The spoiled rotten and utterly unlikable rich kid George Amberson becomes horrified when his recently widowed mother rekindles her relationship with the wealthy Eugene Morgan, who she left ... See full summary »
The spoiled rotten and utterly unlikable rich kid George Amberson becomes horrified when his recently widowed mother rekindles her relationship with the wealthy Eugene Morgan, who she left decades earlier in order to marry George's father. As George struggles to sabotage his mother's new romance, he must deal with his own romantic feelings for Morgan's daughter and the consequences of his meddling as his once great family falls into ruin due to his machinations... Written by
Finally a coherent film version of the Tarkington classic
Let's face it; Orson Welles's movie of The Magnificent Ambersons is a magnificent mess through no fault of its highly regarded director. Cut and edited to pieces by studio hacks (Robert Wise!!!) with the excised material now lost, the movie exists as a mere torso rather than a whole experience. So much is missing, that the movie is hard to follow unless you've read the book. The movie is certainly not what Welles wanted and it is unrepairable; a great tragedy in film history.
The new version on A&E may not have Welles's unique directorial ability or atmospheric lighting in black and white, but it does tell Tarkington's story coherently and on the whole, quite successfully. Director Alfonso Arau has purposely avoided the look of the Welles film, opting for a rich, epic color palette. The art direction is beautiful and you really get a flavor of turn of the century midwest American life.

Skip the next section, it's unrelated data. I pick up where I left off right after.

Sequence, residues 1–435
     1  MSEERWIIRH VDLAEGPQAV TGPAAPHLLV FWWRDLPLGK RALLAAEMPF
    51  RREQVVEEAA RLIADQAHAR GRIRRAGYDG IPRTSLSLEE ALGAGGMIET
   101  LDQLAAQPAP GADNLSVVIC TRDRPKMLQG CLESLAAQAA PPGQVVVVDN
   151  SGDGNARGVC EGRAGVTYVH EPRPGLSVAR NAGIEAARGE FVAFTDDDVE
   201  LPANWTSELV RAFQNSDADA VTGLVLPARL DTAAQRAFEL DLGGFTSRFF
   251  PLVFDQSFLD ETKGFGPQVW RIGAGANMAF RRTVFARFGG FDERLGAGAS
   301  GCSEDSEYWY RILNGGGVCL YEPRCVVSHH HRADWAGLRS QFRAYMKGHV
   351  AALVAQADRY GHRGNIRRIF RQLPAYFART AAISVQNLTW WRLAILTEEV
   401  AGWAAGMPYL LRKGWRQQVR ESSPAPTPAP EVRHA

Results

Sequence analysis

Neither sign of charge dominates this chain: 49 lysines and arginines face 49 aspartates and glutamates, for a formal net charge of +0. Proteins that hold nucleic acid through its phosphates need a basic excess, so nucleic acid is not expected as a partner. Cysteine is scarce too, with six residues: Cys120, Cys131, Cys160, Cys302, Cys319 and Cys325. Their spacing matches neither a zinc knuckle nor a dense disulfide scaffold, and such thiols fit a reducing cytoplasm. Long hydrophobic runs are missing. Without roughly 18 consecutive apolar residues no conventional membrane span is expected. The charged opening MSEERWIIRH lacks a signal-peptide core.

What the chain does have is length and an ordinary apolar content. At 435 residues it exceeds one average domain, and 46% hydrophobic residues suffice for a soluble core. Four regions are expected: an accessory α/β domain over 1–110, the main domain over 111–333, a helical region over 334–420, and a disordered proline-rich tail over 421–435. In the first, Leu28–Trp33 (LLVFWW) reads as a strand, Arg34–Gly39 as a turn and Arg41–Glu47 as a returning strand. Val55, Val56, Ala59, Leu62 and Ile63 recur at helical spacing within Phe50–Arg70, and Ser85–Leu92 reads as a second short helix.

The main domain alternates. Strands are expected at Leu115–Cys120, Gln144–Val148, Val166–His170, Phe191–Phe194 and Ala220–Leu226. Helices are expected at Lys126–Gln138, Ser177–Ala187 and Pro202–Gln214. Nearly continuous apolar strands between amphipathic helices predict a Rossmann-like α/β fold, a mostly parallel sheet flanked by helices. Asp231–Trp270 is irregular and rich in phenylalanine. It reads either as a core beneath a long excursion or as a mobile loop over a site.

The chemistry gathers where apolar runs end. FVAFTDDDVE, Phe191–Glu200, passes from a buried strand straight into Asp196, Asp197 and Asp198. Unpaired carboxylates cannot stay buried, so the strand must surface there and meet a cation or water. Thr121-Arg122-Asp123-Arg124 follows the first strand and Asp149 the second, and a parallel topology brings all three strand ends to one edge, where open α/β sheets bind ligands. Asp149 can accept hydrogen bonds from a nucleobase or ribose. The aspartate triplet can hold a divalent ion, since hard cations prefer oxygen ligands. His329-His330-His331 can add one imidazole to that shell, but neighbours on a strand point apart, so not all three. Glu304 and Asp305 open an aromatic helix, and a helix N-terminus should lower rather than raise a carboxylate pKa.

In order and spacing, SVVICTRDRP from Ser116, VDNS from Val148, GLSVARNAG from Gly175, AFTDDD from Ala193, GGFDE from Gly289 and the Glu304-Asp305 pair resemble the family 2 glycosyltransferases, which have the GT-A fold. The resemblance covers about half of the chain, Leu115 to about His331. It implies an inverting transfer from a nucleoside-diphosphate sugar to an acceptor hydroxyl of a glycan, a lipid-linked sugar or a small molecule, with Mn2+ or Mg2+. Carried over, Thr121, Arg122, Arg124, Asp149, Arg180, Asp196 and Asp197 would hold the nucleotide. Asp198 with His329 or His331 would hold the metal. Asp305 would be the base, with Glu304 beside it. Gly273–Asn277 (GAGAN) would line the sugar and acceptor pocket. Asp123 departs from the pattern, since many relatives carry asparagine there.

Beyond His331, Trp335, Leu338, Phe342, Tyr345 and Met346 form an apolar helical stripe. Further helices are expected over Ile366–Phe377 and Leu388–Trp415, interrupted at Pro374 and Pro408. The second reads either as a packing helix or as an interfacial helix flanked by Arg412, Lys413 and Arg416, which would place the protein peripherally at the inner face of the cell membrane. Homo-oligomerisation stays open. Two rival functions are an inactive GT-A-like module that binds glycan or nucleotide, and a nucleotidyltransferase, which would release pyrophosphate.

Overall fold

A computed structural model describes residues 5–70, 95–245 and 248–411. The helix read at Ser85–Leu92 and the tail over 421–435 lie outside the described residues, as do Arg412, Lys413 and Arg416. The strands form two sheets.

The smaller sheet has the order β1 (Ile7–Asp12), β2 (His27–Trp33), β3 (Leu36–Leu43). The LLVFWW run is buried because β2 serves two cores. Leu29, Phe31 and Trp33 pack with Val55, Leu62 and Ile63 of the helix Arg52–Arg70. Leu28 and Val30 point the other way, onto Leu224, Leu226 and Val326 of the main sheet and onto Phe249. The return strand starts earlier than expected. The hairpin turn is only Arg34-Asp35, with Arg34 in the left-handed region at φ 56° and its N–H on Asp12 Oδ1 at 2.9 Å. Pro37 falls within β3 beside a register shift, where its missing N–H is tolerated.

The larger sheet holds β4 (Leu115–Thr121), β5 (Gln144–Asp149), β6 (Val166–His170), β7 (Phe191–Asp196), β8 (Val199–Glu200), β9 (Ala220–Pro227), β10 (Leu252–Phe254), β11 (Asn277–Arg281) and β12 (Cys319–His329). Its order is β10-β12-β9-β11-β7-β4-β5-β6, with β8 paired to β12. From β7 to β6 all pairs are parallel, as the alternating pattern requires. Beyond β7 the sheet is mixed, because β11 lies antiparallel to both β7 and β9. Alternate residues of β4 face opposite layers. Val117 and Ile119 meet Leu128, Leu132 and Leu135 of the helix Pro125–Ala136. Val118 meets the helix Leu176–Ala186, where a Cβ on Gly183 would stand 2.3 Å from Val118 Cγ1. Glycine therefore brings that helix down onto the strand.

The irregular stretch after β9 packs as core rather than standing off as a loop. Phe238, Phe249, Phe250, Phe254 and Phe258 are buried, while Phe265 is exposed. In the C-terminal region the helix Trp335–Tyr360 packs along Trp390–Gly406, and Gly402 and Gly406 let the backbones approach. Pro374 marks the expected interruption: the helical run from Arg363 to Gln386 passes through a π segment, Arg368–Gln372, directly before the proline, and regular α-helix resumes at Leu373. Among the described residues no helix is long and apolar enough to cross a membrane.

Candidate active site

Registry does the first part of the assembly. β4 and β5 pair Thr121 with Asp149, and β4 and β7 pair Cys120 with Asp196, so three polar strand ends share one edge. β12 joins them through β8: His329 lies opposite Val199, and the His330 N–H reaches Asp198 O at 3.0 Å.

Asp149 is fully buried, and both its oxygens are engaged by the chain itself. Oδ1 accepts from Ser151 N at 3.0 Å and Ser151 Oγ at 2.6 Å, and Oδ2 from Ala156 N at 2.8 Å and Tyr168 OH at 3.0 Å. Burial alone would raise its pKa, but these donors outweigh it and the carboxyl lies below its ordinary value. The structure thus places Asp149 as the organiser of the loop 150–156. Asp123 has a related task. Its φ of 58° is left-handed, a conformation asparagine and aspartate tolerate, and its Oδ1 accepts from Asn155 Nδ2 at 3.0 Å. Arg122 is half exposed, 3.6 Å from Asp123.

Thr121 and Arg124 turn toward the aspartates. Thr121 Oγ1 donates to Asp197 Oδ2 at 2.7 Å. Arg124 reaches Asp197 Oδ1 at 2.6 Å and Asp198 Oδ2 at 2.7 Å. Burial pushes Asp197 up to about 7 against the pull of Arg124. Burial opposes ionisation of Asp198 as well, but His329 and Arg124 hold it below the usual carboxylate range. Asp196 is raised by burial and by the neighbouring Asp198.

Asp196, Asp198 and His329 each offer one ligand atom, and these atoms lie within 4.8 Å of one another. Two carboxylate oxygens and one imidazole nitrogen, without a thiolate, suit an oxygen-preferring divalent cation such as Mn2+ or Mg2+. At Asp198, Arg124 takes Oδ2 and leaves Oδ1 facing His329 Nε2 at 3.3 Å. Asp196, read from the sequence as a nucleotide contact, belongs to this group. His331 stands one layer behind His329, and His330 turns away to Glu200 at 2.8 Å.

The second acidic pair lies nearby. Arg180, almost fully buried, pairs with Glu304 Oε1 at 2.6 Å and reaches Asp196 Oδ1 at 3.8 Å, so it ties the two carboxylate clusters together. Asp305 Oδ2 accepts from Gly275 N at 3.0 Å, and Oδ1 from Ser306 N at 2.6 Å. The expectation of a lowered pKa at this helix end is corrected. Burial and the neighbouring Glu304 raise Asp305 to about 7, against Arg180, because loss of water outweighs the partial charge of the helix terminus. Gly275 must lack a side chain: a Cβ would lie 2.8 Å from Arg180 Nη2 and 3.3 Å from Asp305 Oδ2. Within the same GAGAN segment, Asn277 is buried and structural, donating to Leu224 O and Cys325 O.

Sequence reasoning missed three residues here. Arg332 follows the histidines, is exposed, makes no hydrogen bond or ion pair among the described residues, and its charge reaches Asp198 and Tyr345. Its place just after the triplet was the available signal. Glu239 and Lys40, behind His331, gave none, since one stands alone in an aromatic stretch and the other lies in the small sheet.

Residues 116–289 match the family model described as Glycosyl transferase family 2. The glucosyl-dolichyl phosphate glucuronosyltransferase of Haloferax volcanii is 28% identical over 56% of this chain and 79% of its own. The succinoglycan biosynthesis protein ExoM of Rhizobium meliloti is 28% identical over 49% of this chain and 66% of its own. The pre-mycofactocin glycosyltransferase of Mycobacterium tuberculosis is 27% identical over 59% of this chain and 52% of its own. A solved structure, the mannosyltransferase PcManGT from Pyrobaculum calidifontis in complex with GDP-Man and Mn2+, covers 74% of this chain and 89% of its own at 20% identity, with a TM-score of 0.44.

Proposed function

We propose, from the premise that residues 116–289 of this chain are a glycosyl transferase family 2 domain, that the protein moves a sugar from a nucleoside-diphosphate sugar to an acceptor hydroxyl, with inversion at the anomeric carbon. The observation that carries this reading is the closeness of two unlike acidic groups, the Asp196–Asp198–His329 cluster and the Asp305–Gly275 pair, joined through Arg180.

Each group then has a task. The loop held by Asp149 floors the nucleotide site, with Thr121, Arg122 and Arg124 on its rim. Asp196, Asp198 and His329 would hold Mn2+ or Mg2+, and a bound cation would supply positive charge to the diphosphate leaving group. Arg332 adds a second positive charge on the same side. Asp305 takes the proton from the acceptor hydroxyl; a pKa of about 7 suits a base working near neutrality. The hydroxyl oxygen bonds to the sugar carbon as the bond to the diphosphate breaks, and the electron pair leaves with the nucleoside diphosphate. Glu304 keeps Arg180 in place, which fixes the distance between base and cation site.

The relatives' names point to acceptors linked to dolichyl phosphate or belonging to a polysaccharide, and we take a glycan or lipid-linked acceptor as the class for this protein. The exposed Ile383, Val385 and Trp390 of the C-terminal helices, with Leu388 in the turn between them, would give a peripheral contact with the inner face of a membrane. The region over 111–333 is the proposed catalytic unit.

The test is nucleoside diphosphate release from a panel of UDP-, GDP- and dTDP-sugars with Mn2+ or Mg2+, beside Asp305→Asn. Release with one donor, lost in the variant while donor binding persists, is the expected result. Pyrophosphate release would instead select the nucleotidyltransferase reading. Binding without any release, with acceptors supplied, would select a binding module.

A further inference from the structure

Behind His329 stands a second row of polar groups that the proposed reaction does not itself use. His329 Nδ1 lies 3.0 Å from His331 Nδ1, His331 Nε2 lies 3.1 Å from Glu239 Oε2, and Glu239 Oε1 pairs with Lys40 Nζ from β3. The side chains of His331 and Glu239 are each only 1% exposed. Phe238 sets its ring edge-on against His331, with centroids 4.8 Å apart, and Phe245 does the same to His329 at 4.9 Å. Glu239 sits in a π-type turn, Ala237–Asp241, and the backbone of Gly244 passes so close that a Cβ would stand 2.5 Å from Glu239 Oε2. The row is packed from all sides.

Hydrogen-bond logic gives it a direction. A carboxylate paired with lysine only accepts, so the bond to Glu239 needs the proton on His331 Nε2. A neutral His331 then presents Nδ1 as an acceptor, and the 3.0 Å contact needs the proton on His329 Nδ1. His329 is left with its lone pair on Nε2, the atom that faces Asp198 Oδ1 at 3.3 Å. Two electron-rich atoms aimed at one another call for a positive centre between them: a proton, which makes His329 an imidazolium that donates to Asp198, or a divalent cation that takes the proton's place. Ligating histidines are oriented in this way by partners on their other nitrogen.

Many reviewers have complained of Jonathan Rhys-Meyers performance of George. Frankly it is a brave and quite accurate portrayal. Tim Holt in the Welles film was hopelessly too mature looking to play Tarkington's headstrong brat. Georgie is not a very sympathetic character in the book and Rhys-Meyers studiously avoids turning him into the bland leading man that Welles allowed Holt to portray. Those that take issue with Rhys-Meyers don't know the book. He is the right age and certainly the right look for this difficult character. He is a dynamic actor that isn't afraid to be true to a character's inate nature. He's not easy to take at times, but Georgie isn't either!
Many have also criticized Jennifer Tilly's Fanny as not being the equal of Agnes Moorehead. Again, Tilly is closer to the book. Fanny is a hapless character which Tilly invests with a wonderful degree of humanity coupled with her unique brand of eccentricity. Moorehead had not not an ounce of charm and frankly was miscast. Madeleine Stowe, James Cromwell, and Bruce Greenwood are all excellent as are the supporting players.
Is this the ultimate version of this classic. Of course not. It is, however, a well made, BBC style television movie that is very true to Tarkington's novel and tells the story clearly, unapologetically and with some amount of panache. I give it an enthusiastic recommendation.
25 of 31 people found this review helpful.
Was this review helpful to you?